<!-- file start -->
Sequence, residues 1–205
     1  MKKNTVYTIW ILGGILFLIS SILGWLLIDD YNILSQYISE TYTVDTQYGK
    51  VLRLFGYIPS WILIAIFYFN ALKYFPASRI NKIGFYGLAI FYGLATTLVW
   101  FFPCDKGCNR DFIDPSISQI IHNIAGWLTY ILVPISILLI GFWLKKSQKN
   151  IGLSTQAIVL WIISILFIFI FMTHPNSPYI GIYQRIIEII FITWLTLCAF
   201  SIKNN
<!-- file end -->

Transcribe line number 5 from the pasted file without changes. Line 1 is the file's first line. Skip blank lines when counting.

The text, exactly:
   151  IGLSTQAIVL WIISILFIFI FMTHPNSPYI GIYQRIIEII FITWLTLCAF